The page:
If you want to push your metabolism through the roof for maximum fat loss, plyometrics may be able to help. This type of training ups your calorie burn for hours after your workout has ended. Plyometrics are only for advanced athletes, however, and the risk of injury is high. What's more, diet has more of an effect on weight loss than exercise, while exercise is more important for keeping the weight off. You won't lose an ounce of fat unless you eat fewer calories than you burn.
With plyometrics, you can have your fun and your fat burning too. Plyometric exercises involve jumping motions, and if you played hopscotch or jumped rope as a child then you've already performed them. Adult plyometric exercises include squat jumps, lateral jumps, clap pushups, split jumps, long jumps and chest throws using medicine balls. As with all strength-training exercises, warm up for five to 10 minutes with a quick walk or jog.
Fat loss is all about burning more calories than you eat, and plyometrics can help you accomplish this in spades. You'll burn more calories while performing plyometrics and then keep burning after your workout, since such intense activity revs up your metabolism for an extended period of time. The exact number of calories you burn depends on your activity, but the count can be substantial; jumping rope for an hour incinerates 1,074 calories for a 155-pound person.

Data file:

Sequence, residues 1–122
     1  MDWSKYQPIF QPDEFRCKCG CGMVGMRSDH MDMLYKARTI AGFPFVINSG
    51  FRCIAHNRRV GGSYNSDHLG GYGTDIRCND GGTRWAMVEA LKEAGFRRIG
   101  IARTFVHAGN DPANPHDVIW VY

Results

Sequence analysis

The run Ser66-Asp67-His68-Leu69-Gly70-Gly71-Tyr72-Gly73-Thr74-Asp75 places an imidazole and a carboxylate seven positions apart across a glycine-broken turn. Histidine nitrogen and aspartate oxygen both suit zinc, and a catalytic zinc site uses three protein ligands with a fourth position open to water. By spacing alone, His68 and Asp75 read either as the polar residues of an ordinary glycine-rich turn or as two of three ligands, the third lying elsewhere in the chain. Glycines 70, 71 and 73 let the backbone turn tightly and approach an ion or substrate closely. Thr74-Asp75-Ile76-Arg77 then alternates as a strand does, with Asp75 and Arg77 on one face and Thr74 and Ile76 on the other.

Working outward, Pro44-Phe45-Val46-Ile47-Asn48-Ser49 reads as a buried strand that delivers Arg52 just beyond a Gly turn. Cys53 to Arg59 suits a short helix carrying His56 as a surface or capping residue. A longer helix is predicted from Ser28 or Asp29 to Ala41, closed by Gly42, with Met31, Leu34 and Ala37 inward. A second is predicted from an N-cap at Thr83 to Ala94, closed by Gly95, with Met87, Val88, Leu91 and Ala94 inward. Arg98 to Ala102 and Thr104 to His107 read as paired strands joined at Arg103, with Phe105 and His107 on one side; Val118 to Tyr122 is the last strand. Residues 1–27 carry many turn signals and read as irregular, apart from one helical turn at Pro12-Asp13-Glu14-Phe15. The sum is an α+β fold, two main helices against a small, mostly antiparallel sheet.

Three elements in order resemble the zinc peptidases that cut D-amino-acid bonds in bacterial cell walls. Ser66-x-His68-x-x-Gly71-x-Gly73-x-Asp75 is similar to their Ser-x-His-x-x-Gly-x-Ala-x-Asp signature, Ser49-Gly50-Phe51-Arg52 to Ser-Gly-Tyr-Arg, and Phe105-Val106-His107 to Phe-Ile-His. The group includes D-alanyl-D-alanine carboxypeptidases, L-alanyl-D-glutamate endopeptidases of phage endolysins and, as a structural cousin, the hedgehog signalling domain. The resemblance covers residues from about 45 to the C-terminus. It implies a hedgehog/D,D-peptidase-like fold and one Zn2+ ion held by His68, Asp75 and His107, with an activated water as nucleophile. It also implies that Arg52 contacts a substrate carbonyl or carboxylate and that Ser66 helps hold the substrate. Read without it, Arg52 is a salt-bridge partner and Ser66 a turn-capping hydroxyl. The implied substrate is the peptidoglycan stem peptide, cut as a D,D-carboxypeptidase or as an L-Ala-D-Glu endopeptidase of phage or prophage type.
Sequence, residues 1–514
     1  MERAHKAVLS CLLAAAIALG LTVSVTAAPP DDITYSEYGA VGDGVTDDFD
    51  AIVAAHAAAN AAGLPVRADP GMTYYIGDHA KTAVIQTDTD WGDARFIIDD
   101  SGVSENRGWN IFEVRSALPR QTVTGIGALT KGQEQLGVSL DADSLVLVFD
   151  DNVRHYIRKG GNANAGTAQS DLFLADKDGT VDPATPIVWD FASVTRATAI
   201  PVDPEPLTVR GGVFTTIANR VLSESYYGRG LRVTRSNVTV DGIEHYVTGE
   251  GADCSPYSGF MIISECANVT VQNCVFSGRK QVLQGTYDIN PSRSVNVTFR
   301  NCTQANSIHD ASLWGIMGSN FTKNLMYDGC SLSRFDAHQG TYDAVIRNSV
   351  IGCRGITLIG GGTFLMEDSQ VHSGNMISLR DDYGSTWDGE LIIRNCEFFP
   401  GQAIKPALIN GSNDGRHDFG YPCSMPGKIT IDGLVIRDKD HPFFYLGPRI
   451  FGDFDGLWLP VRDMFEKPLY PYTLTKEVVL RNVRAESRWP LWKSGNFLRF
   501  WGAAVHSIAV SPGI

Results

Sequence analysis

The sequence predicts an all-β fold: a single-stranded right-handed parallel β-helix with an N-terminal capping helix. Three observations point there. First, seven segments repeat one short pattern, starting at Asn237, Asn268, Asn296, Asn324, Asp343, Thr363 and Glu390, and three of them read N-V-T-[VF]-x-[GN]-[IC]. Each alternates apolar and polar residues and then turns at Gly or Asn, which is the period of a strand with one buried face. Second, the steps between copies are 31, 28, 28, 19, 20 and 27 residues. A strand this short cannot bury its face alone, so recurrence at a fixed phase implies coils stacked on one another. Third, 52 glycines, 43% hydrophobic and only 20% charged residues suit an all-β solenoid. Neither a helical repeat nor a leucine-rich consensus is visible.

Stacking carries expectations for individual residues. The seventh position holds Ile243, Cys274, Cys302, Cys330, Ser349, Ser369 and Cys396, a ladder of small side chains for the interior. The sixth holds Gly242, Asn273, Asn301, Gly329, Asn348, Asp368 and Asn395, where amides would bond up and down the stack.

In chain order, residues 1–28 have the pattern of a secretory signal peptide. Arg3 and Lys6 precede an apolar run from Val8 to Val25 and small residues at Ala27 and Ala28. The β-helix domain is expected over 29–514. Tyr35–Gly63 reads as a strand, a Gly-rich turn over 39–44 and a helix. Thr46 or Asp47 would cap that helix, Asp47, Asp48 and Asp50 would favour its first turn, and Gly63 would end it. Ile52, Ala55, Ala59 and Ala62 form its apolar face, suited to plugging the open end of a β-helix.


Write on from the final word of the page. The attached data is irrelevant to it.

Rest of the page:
Weight loss and fat loss are not the same thing. In fact, as you build muscle you could put on a few pounds, even if you're losing fat. Muscle is denser than fat, so your clothing could feel looser even as the scale number rises. For the best fat-loss results, reduce your energy consumption to 500 fewer calories than you burn. This creates a deficit of 3,500 calories per week, which equals a pound of fat. Eat foods high in fiber and protein, which take longer to digest and help you feel fuller.
Before attempting to jump, train your muscles with skipping and lunging drills, then progress to simple standing jumps and move on from there. Only jump from boxes or raised surfaces under professional guidance. For all jumps, use a soft landing surface such as grass or a padded mat. Stay off of smooth surfaces, as they increase the likelihood of slipping. If you're overweight now, even if it's muscle weight, your impact will be harder so you need to start with fewer reps.
Nina K. is a Los Angeles-based journalist who has been published by USAToday.com, Fitday.com, Healthy Living Magazine, Organic Authority and numerous other print and web publications. She has a philosophy degree from the University of Colorado and a journalism certificate from UCLA.